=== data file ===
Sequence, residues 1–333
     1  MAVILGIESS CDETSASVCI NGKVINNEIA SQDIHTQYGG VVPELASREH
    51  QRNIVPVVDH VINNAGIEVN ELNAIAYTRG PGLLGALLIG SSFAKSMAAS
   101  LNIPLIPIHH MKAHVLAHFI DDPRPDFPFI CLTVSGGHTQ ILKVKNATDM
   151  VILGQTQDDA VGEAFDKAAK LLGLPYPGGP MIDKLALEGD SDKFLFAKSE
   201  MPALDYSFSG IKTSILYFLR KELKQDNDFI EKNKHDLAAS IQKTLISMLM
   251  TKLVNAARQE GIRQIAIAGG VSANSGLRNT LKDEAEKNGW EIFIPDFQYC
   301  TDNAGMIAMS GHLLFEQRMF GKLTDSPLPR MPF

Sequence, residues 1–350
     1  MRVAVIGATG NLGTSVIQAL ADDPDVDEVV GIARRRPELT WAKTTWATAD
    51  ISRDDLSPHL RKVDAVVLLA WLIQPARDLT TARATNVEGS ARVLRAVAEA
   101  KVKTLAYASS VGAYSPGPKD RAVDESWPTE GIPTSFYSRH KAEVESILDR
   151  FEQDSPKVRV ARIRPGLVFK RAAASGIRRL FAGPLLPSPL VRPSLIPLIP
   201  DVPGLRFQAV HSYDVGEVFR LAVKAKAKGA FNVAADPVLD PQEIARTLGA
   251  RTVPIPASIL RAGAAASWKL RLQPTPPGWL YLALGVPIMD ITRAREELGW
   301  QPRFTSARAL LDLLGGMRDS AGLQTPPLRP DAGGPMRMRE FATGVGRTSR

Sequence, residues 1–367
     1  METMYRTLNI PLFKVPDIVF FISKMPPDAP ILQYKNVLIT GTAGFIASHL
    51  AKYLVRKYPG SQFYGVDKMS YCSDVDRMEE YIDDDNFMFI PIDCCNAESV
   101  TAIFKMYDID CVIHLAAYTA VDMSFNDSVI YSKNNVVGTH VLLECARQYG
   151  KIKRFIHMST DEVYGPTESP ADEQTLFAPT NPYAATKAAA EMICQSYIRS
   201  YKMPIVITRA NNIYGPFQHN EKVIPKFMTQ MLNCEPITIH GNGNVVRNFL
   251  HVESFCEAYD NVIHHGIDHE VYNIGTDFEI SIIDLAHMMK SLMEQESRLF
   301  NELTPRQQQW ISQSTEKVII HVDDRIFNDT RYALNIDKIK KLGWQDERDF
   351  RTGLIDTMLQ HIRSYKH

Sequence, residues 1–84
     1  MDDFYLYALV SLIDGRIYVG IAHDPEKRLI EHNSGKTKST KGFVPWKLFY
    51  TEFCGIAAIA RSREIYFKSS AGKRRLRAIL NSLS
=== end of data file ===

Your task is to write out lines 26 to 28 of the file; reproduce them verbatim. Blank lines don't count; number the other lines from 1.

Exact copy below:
Sequence, residues 1–84
     1  MDDFYLYALV SLIDGRIYVG IAHDPEKRLI EHNSGKTKST KGFVPWKLFY
    51  TEFCGIAAIA RSREIYFKSS AGKRRLRAIL NSLS